News Release
April 4, 2022

On Monday, April 11, Toronto’s Medical Officer of Health Dr. Eileen de Villa will present a report to the Toronto Board of Health on the health impacts of the COVID-19 pandemic on school-aged children and youth and make recommendations to the Board to address the ongoing effects and inequities the pandemic has created. The report and meeting agenda are available on the City’s website.

Local data show that children and youth have generally experienced less severe outcomes from COVID-19 infection relative to older age groups. Serious outcomes and loss of life due to COVID-19 in this age group are rare, but nevertheless have occurred in Toronto and are tragic outcomes for those who have been impacted. While COVID-19 hospitalizations for this age group represented less than 0.1 per cent of all hospital cases in Toronto since the start of the pandemic, youth have experienced a wide range of physical and mental health impacts throughout the pandemic as a result of school closures and lost educational days.  Although school closures and other public health measures were necessary to mitigate the spread of COVID-19, evidence shows that they have impacted youth in the areas of mental health, substance use, nutrition and physical activity, as well as access to dental care and vaccines against preventable diseases.

Global studies report that rates of anxiety, depression, stress, and loneliness have more than doubled from pre-pandemic levels, with anticipated long-term consequences. Toronto hospitals observed an increase in emergency department visits related to self-harm among children and youth, from 467 visits in the 15 months before the pandemic to 606 visits in the 15 months since the start of the pandemic. In a 2020 Toronto District School Board survey assessing students’ pandemic and remote learning experiences, 30 per cent of students reported feeling worried about coping with their fear and anxiety; 23 per cent expressed the need for support with social/emotional learning skills; and 21 per cent voiced the need for mental health and well-being supports.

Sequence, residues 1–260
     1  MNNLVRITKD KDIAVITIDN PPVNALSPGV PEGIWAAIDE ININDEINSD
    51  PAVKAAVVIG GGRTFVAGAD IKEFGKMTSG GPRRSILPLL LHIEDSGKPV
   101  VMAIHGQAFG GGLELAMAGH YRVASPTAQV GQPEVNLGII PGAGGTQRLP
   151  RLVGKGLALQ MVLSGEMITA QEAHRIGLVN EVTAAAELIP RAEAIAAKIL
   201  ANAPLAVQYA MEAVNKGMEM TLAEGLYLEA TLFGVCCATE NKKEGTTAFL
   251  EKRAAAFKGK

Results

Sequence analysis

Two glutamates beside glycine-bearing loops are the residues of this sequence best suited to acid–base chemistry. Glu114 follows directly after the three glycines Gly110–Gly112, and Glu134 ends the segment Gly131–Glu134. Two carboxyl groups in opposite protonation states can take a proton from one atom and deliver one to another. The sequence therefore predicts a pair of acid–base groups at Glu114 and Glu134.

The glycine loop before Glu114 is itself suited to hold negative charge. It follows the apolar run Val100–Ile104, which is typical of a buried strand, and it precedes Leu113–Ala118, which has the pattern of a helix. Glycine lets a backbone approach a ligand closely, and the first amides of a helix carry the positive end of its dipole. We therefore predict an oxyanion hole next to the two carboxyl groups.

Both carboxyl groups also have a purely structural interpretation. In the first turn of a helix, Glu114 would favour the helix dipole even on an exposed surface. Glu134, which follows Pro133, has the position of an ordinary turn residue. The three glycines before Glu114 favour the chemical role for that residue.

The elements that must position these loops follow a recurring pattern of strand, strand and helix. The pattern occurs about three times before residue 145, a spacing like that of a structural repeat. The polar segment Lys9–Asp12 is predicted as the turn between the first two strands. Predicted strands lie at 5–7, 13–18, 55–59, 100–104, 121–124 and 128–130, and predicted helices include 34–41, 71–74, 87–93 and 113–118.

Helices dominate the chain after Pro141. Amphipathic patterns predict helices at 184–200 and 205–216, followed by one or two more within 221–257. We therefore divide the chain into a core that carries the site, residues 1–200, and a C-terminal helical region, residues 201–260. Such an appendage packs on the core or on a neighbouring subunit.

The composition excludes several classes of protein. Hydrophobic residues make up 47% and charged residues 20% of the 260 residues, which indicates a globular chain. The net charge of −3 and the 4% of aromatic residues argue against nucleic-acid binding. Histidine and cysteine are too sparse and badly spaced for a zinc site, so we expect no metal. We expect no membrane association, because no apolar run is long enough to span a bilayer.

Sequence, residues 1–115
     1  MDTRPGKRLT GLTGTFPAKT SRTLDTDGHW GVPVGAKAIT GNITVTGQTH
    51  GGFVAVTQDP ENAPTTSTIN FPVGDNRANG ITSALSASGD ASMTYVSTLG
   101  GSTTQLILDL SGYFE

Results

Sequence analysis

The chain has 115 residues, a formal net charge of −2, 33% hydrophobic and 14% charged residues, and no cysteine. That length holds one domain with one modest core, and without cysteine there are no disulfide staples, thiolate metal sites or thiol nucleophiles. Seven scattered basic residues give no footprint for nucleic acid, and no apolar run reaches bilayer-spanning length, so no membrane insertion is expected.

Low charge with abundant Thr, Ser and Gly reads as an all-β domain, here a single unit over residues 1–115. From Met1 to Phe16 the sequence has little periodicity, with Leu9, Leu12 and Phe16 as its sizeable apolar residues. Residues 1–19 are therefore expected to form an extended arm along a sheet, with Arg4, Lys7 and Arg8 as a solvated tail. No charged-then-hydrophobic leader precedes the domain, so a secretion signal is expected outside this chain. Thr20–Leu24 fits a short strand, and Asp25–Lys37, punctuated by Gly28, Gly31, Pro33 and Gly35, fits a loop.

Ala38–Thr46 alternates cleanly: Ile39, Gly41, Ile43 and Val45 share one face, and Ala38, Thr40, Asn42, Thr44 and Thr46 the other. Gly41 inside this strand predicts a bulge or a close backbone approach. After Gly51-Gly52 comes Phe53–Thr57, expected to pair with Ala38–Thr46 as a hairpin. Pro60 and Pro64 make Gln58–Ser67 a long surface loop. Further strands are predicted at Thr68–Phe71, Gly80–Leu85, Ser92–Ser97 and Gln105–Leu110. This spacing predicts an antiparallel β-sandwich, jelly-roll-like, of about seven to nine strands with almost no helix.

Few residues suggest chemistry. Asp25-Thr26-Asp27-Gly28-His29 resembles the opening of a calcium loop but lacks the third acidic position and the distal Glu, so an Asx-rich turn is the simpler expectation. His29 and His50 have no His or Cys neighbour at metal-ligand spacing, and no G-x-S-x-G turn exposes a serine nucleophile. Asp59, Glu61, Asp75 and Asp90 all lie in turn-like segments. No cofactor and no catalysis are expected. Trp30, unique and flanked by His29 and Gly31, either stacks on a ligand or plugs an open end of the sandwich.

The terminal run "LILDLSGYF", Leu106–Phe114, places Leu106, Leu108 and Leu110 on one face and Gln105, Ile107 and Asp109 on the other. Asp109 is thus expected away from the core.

While the direct provision of mental health services falls outside of Toronto Public Health’s (TPH) mandate, the report responds to the Board of Health’s request for an update on the impact of the COVID-19 pandemic on school-age children and youth, including current programs operated by TPH to support this population. Dr. de Villa will present her recommendations to the Board for consideration at the April meeting including:

  • TPH to work with the Province and local school boards to conduct further research and establish a baseline assessment of the mental health and well-being of youth in Toronto
  • TPH to work with local school boards to assist in the development of short- and long-term approaches to promote the mental health and well-being of children and youth in Toronto
  • Request additional resources from the provincial government to address the service backlog of School Immunization and Dental Screening Programs delayed due to the pandemic and expedite this work
  • Request that the Ontario Ministry of Health implement a provincial electronic immunization registry as soon as possible
  • Request that the Ontario Ministry of Health work with local partners to explore and implement approaches and activate more channels to further facilitate access to vaccines for children and youth, including those administered as part of the School Immunization Program

TPH continues to carefully monitor COVID-19 activity and collaborate with local school boards and school communities to support the health and well-being of Toronto’s children and youth.

The full Board of Health report is available on the City’s website.

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Toronto Public Health Media Relations